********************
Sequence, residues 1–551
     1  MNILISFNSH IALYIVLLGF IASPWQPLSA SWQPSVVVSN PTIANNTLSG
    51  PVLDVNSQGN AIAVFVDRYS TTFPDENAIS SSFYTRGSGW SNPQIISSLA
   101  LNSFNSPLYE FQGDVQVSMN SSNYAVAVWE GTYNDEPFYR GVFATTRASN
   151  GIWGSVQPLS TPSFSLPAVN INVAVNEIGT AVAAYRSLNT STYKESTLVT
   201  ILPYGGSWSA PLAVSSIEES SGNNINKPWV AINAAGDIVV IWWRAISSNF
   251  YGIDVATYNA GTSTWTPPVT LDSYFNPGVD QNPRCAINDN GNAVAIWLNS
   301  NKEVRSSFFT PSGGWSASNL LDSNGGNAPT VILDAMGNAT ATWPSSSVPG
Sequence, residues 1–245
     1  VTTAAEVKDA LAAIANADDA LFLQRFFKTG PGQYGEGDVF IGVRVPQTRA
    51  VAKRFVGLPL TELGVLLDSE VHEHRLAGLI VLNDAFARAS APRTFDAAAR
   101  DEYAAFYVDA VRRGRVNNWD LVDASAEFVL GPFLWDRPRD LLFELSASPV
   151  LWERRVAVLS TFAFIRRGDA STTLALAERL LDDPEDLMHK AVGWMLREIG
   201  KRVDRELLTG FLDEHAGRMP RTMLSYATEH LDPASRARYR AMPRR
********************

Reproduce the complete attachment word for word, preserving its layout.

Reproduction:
Sequence, residues 1–551
     1  MNILISFNSH IALYIVLLGF IASPWQPLSA SWQPSVVVSN PTIANNTLSG
    51  PVLDVNSQGN AIAVFVDRYS TTFPDENAIS SSFYTRGSGW SNPQIISSLA
   101  LNSFNSPLYE FQGDVQVSMN SSNYAVAVWE GTYNDEPFYR GVFATTRASN
   151  GIWGSVQPLS TPSFSLPAVN INVAVNEIGT AVAAYRSLNT STYKESTLVT
   201  ILPYGGSWSA PLAVSSIEES SGNNINKPWV AINAAGDIVV IWWRAISSNF
   251  YGIDVATYNA GTSTWTPPVT LDSYFNPGVD QNPRCAINDN GNAVAIWLNS
   301  NKEVRSSFFT PSGGWSASNL LDSNGGNAPT VILDAMGNAT ATWPSSSVPG
Sequence, residues 1–245
     1  VTTAAEVKDA LAAIANADDA LFLQRFFKTG PGQYGEGDVF IGVRVPQTRA
    51  VAKRFVGLPL TELGVLLDSE VHEHRLAGLI VLNDAFARAS APRTFDAAAR
   101  DEYAAFYVDA VRRGRVNNWD LVDASAEFVL GPFLWDRPRD LLFELSASPV
   151  LWERRVAVLS TFAFIRRGDA STTLALAERL LDDPEDLMHK AVGWMLREIG
   201  KRVDRELLTG FLDEHAGRMP RTMLSYATEH LDPASRARYR AMPRR